Right now, the Left is historically weak. The labor movement is historically weak. Strike rates are at an all-time low and union density falls year by year. The membership of left-wing organizations has been falling for decades. The evidence for dramatically increased left-wing militancy is nil.

Yet Jeremy Corbyn won the leadership by attracting hundreds of thousands of new members to the Labour Party, both full members and supporters, by attracting the support of all the major union leaders, or at least most of them, by getting just enough nominations from the parliamentary party, and by attracting a raft of celebrity support.

When I talk about celebrity support, I’m not talking about the types of people who turn up at left-wing events. I’m talking about Daniel Radcliffe, the guy who played Harry Potter, people like that. It’s quite a strange range of people.

Basically, there was a unique kind of moment: a feeling that Labour had not done the job against the Conservatives, and it needed to do something radical and different. (more…)

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How not to fund infrastructure

Recycling is supposed to be a good thing, so when the federal Liberals quietly announced that “asset recycling” would be part of their strategy for meeting their much-ballyhooed infrastructure promises, not many eyebrows were raised. They should have been. Asset recycling is an obscure code word for selling our public goods for private profit. It’s privatization by another name.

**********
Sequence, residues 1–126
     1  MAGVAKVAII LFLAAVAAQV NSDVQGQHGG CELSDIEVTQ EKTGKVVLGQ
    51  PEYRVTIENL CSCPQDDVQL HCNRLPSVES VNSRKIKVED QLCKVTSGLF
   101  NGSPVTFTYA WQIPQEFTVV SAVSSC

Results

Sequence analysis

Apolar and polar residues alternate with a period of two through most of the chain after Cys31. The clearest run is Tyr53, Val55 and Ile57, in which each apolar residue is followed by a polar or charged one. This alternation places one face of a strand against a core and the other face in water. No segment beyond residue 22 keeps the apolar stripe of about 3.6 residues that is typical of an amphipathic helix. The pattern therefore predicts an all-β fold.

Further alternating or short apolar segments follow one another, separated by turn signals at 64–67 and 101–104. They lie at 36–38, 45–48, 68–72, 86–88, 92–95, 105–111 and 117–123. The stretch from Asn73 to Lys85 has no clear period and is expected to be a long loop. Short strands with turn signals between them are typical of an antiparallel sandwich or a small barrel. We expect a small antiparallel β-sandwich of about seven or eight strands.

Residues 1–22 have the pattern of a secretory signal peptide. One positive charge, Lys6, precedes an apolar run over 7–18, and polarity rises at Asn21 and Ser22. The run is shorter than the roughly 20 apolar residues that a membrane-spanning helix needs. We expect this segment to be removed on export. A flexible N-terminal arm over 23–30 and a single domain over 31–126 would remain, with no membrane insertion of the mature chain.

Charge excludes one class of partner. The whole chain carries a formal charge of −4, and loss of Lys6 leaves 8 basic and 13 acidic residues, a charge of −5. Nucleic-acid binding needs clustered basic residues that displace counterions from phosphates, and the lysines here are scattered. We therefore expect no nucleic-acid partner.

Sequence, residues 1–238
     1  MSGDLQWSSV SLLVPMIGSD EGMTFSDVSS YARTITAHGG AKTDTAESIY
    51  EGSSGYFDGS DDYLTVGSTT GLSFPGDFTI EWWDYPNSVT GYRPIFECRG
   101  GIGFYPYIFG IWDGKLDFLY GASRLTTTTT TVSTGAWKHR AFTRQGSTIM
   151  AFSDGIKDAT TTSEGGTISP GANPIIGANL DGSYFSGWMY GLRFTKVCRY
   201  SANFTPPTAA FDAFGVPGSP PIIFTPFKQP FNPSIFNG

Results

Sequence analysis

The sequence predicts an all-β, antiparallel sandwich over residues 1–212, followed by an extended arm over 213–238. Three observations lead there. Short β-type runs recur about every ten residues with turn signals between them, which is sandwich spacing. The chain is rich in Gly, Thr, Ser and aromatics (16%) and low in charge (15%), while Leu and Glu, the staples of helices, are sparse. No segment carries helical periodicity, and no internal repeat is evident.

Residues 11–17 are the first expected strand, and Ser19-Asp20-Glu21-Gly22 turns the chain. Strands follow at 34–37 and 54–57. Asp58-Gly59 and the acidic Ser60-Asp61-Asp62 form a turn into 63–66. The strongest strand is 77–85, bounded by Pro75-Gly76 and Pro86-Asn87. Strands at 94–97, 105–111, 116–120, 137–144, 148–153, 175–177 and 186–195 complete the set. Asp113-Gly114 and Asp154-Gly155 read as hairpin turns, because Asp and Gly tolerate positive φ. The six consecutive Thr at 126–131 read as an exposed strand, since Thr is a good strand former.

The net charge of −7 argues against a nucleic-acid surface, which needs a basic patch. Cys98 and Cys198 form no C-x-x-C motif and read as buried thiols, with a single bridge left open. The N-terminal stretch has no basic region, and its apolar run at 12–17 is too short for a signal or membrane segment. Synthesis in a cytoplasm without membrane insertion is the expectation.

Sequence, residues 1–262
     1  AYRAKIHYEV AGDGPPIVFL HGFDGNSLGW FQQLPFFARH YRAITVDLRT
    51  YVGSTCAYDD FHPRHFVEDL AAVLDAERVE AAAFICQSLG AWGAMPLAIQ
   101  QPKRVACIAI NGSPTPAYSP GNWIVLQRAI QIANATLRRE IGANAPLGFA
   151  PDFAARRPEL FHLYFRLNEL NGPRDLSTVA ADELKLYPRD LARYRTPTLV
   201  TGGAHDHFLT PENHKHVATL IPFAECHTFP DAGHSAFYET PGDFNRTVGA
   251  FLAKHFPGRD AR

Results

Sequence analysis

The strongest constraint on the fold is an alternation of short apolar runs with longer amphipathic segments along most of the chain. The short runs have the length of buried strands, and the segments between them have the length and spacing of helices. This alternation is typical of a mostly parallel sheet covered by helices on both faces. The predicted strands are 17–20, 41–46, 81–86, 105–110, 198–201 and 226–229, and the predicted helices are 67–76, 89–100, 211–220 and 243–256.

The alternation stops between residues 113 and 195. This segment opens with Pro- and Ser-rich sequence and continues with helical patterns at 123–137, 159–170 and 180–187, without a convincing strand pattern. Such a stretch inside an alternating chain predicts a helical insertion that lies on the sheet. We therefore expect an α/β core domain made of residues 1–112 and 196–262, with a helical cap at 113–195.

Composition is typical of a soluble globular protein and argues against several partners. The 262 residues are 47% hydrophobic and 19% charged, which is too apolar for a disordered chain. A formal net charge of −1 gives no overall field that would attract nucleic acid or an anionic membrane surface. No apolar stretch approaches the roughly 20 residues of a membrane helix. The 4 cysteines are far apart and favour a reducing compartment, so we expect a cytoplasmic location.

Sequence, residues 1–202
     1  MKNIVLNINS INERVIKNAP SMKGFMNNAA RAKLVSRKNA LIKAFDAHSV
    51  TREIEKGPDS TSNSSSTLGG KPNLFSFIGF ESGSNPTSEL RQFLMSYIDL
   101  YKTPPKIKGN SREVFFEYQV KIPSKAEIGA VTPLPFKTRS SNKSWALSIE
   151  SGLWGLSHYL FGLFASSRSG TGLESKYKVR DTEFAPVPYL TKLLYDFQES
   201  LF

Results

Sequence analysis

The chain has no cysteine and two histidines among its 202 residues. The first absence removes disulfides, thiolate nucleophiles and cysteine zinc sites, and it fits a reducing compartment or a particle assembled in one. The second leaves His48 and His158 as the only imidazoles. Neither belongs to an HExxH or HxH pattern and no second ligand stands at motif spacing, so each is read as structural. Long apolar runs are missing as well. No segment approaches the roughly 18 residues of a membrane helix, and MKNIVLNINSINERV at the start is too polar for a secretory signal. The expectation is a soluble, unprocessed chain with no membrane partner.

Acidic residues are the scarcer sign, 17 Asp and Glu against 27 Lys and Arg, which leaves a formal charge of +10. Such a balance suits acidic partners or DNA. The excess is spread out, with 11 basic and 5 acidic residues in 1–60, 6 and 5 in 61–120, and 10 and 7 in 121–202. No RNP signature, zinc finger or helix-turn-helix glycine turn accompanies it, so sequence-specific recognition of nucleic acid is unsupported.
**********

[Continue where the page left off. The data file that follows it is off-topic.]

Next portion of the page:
Don’t have the taxes to pay for new buses? It’s okay, you can sell your electricity utility to pay for them instead. In fact, this is precisely what the Ontario Liberal government is doing. Already 30% of the profitable Hydro One have been sold and another 30% will be sold before 2018. A public Hydro One could more directly fight climate change, lower energy costs for the poor or work with First Nations on whose lands generation often happens. A private Hydro becomes an instrument for profit first with other goals secondary.

What the Liberals have started in Ontario will soon be rolled out across Canada. Here are the problems with these schemes. (more…)

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Podcast: The improbable rise of Jeremy Corbyn

 

So far this week, Jeremy Corbyn has caused over 100,000 new members to join the UK Labour Party he leads, has apologized for a war he opposed from the beginning and appears to have survived a coup attempt on his leadership. And despite his backstabbing MPs, he’s one of the few party leaders left standing after the Brexit referendum.

Given all this mayhem on the British political scene, I figured it would be a good time to speak with the writer Richard Seymour, author of the recently-released Corbyn: The Strange Rebirth of Radical Politics. Richard regularly publishes in major UK and international media; his  previous books include Against Austerity, Unhitched, and The Liberal Defense of Murder. He’s long been one of the best voices on British politics on the left.

Our conversation focused on the roots of Corbyn’s sudden rise to power, both within the Labour Party and politics in the UK more broadly, the failure of today’s Blairite coup plotters and the prospects of a long-term shift in ideology effected by Corbynism.

As always, subscribe via RSS or iTunes to get episodes as they come out.

Corbyn other 2

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What is done: quick thoughts on Brexit